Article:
Fig. 2. Héloïse turns to look back at Marianne, almost breaking the fourth wall given Marianne’s POV shot.

A Look is Worth a Thousand Words

Even when the two sit next to each other – a tight medium close-up shot’s distance apart – Marianne can’t just turn and stare at Héloïse discreetly without drawing suspicion to her real mission (Fig. 3). In some ways, however, the consistency of such glances and gazes contribute to the underlying, budding connection and desire between the two women. The tightness of the shot forces Marianne and Héloïse’s proximity much closer together than one might expect between two women who had just met, especially in the 18th century. Every time this occurs, they hardly break eye contact and look each other up and down carefully; Marianne perhaps because it’s her job and Héloïse perhaps due to her continued curiosity or interest.

It is the queer lens that offers this perspective in a world where the women can transport out of the restrictive reality and destinies they are bound to. The camera’s lens is queered in the looks rather than the dialogue, as “what remains unsaid remains most poignant” and most illuminative. SNL’s joke about the “twelve lines of dialogue” in the “two and a half hours of runtime,” though exaggerated, hints at exactly these looks that do all the talking to promote the growing attraction between the women. Consider this: queer during this time period meant “strange or eccentric,” so it’s not like Héloïse really had the option to ask Marianne, “Wait, are you queer?” It’s the camera’s role in the queer lens to consider this question in-explicitly.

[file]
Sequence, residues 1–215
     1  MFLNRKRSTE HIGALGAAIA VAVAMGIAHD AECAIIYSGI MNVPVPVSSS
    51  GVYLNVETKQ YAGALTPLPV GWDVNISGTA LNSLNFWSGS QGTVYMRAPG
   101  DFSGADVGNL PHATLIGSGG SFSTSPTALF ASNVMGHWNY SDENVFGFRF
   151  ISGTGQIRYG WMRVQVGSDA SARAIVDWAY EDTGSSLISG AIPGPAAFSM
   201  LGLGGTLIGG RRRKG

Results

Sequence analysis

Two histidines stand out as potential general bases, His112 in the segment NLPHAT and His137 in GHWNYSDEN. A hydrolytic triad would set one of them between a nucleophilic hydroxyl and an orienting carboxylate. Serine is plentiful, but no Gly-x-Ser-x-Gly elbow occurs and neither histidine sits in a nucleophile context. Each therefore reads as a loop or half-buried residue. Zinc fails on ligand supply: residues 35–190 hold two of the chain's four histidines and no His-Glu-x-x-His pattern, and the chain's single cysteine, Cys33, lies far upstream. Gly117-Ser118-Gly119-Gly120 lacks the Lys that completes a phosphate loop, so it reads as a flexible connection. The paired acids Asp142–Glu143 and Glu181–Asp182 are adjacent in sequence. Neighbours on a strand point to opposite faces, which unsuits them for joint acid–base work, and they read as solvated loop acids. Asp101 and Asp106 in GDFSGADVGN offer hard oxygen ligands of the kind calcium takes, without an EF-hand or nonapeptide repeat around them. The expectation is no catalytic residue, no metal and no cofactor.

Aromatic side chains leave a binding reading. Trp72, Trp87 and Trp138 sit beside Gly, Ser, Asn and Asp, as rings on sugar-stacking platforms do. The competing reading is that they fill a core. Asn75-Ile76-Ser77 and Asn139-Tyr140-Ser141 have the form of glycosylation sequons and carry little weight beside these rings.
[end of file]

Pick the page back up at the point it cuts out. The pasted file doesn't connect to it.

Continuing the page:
Fig. 3. Tight medium close-up shot of Héloïse (left) and Marianne (right) delicately looking at each other. The queer lens illustrates the simmering tension and desire amidst their oppressive environment.

Transformative Shot-Counter Shots

After Marianne reveals her true purpose to Héloïse, showing her the first rendition of the portrait, Héloïse resents Marianne’s failure to really see her and capture her vitality (“Is that me? Is that how you see me?”). I interpret this narrative development to suggest that Héloïse had sensed an attraction growing between them – as made evident from the looks leading up to this moment – but now wishes to be seen for who she really is, more so by Marianne than by the Milanese gentlemen whom she is predestined to marry. This inspires a collaboration between the women, as this time Héloïse agrees to sit for Marianne’s painting.